I'm the only one who lives here and mom and dad still live here. I talk to them every day. My brothers come and see them when their travels permit. It's good having them close.

CT: What kind of music do you listen to most often?

JH: I'm not a big fan of local Atlanta radio because things have changed so much over the years. If I were to specify something, it would be country music with a rock-and-roll edge. Chris LeDoux, one of my all-time favorites, I worked with Chris the years at Capitol. He passed away in '05. One of the nicest, most genuine human beings I have ever met. I loved his shows because he added a little bit of pop to his live shows. There was pyro and just craziness.

But growing up, if anyone remembers the old Capricorn Record days, I'm a big Marshall Tucker fan, a big Allman Brothers fan. Love Molly Hatchet. Skynyrd. These bands from the Southeast that played those eight-minute anthems. Two drummers and five guitar players. The Outlaws' "Green Grass and High Tides", probably nine of the greatest minutes in rock and roll history. That's kind of what I listen to.

Miranda Lambert is a great act. I love listening to her.

We did a thing many years ago for the team called Friday afternoons with the staff or something. We talked about music and what I listened to. Kris Kristofferson wrote a song for Ray Price back in the 70s called "For the Good Times." It might be one of my five all-time favorite songs.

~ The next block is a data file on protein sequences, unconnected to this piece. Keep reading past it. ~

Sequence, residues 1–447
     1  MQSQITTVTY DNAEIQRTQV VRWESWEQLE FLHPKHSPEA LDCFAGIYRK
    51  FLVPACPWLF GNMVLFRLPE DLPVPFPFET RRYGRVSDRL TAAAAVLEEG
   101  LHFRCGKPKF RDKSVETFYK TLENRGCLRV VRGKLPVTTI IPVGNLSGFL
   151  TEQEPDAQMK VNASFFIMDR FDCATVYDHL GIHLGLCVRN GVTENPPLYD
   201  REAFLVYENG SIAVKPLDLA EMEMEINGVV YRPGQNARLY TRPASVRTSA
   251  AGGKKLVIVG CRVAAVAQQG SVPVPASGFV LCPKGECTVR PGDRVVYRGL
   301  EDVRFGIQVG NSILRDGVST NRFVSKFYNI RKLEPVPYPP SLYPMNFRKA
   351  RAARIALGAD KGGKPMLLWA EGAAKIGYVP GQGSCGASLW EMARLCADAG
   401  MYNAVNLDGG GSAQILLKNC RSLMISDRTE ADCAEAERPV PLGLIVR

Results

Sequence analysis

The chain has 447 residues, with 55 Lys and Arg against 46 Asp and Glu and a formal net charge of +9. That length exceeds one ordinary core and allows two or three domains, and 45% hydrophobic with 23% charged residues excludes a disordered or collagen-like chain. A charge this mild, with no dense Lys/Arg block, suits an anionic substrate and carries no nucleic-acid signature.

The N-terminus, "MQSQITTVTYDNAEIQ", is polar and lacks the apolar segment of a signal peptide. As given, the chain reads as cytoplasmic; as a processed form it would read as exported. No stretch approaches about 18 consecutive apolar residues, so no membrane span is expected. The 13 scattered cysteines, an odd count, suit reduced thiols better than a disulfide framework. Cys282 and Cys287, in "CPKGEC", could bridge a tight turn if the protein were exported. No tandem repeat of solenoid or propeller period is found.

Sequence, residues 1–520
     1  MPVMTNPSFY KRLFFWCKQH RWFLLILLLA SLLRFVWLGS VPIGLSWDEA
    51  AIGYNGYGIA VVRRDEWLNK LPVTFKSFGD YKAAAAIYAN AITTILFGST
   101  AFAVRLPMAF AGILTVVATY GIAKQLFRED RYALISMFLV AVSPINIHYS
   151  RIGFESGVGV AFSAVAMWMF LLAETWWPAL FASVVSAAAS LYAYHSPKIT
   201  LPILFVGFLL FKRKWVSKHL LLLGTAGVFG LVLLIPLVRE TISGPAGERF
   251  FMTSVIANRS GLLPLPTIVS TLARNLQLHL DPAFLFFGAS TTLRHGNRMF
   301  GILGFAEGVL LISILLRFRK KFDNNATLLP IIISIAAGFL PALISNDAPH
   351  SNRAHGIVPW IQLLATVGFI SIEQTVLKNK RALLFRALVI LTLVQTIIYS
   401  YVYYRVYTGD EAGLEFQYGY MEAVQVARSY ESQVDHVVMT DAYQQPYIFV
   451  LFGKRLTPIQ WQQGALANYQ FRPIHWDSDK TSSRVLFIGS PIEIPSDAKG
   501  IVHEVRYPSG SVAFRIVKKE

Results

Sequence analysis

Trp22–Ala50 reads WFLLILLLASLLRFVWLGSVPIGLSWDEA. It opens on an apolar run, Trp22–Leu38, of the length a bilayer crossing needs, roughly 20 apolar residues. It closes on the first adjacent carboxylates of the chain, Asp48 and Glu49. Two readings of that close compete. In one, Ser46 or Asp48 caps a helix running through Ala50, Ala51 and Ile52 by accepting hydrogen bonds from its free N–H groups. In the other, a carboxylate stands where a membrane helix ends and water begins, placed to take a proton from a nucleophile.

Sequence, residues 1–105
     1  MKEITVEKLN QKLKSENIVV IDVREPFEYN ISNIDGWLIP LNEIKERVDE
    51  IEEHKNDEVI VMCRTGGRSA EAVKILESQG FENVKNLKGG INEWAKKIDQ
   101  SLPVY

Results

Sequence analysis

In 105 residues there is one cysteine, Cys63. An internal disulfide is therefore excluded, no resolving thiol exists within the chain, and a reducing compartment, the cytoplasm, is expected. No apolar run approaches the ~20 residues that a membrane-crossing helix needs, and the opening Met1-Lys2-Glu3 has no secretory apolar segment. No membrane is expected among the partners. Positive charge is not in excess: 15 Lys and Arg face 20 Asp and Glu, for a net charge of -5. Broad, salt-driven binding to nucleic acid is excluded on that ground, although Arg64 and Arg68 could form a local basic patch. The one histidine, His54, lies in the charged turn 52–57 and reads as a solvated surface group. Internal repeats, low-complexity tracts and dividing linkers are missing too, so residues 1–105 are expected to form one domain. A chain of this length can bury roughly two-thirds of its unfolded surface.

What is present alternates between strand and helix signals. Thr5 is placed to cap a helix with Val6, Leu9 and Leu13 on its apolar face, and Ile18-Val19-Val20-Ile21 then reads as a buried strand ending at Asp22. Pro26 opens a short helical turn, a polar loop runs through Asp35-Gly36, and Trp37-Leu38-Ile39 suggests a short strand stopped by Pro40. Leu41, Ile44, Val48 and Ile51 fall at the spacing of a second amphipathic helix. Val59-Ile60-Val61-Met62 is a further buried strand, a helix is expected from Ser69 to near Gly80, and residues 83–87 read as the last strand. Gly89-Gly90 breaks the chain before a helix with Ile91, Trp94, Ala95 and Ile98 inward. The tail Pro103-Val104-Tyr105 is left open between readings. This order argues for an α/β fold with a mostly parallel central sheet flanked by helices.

How can you not like Jimmy Buffett? You have to have fun when you listen to Jimmy Buffett. The first time I saw Jimmy Buffett was in a place in Atlanta called the Great Southeast Music Hall down at Piedmont. It was a Sunday night and there were 30 people in the audience. It was him and another guitar player. I've been a fan since. That was 1975.

Those were good times.

CT: Do you go to many concerts still?

JH: No, I really don't. With kids and schedules and stuff. What's interesting is when I go to the arena for something other than hockey, I sort of feel out of place. But I'm kind of a homebody. I like to just chill and get whatever the kids want to get done. I love to go out and play golf, but I don't get a chance as much as I want. I love to go fishing. Rarely get the chance to anymore. But there's time for that.